Trump strains to find coherent defense for Roger Stone commutation

In effect, Trump's line is, "Sure, what I did was wrong, but I can concoct stories about others being wrong, too."
Image: Donald Trump
President Donald Trump listens during a meeting with Hispanic leaders at the White House July 9, 2020.Evan Vucci / AP file
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By Steve Benen

Late last year, on Christmas Eve, Donald Trump started talking publicly about intervening in Roger Stone's criminal case. The date is relevant insofar as it helps mark the point at which we can start the clock: the president and his team have had nearly seven months to come up with a coherent defense for commuting the sentence against Trump's felonious friend.

The time was not well spent.

On Friday night, the White House released a formal written statement on the executive-clemency decision, which was a profoundly embarrassing document. The 628-word statement was filled with obvious and lazy falsehoods; it was written in the voice of a right-wing Twitter thread; and it made no real effort to contest the fact that Stone was guilty of multiple felonies.

This was Team Trump's opportunity to make a carefully crafted case in defense of the president's actions, and by all appearances, the president and his aides barely seemed to try.

The next morning, confronted with brutal coverage of his flagrant corruption, Trump turned to Twitter to argue, "Roger Stone was targeted by an illegal Witch Hunt that never should have taken place. It is the other side that are criminals, including Biden and Obama, who spied on my campaign - AND GOT CAUGHT!" In other words, Trump's defense of his corrupt act was to falsely accuse his predecessors of a corrupt act.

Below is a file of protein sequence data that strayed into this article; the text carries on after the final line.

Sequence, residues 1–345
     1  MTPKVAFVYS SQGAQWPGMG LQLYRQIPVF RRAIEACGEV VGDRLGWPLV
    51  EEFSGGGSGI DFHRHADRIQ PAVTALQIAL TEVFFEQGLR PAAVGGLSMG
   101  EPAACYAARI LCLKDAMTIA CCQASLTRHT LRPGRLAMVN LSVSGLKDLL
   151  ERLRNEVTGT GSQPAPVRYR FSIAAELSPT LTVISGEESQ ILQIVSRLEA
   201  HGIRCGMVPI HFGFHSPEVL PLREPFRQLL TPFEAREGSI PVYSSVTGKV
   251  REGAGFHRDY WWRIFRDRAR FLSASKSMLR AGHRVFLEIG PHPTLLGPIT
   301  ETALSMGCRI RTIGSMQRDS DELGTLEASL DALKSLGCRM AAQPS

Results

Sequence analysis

Soon after, Sen. Mitt Romney (R-Utah) described the president's overt misconduct as "unprecedented, historic corruption." Sen. Pat Toomey (R-Pa.) wasn't prepared to go nearly that far, though he conceded Trump's commutation was "a mistake." The president tweeted again:

"Do RINO’S Pat Toomey [and] Mitt Romney have any problem with the fact that we caught Obama, Biden, [and] Company illegally spying on my campaign? Do they care if Comey, McCabe, Page [and] her lover, Peter S, the whole group, ran rampant, wild [and] unchecked - lying [and] leaking all the way? NO!"

The argument is obviously foolish for anyone who takes reality seriously -- there was no illegal spying on the Trump campaign, the president's hysterical nonsense notwithstanding -- but it's the subtext that stood out for me. After having months to think up some talking points, the White House's defense of presidential corruption is to falsely accuse others of corruption.

In effect, Trump's line is, "Sure, what I did was wrong, but I can concoct stories about others being wrong, too."

It suggests the president's corruption is so indefensible that even he and his team can't think of a decent line.

Nevertheless, Trump's woeful and unpersuasive pushback may be having the intended effect: as of this morning, the total number of congressional Republicans who've criticized the president's corruption in the Roger Stone case stood at two.

Stone was, incidentally, convicted of lying to Congress -- a Republican-led committee, at that -- so it was tempting to think GOP lawmakers may have offered at least mild rebukes of the president's misconduct.

Their collective silence suggests they're comfortable with, or at least willing to tolerate, Trump's corruption.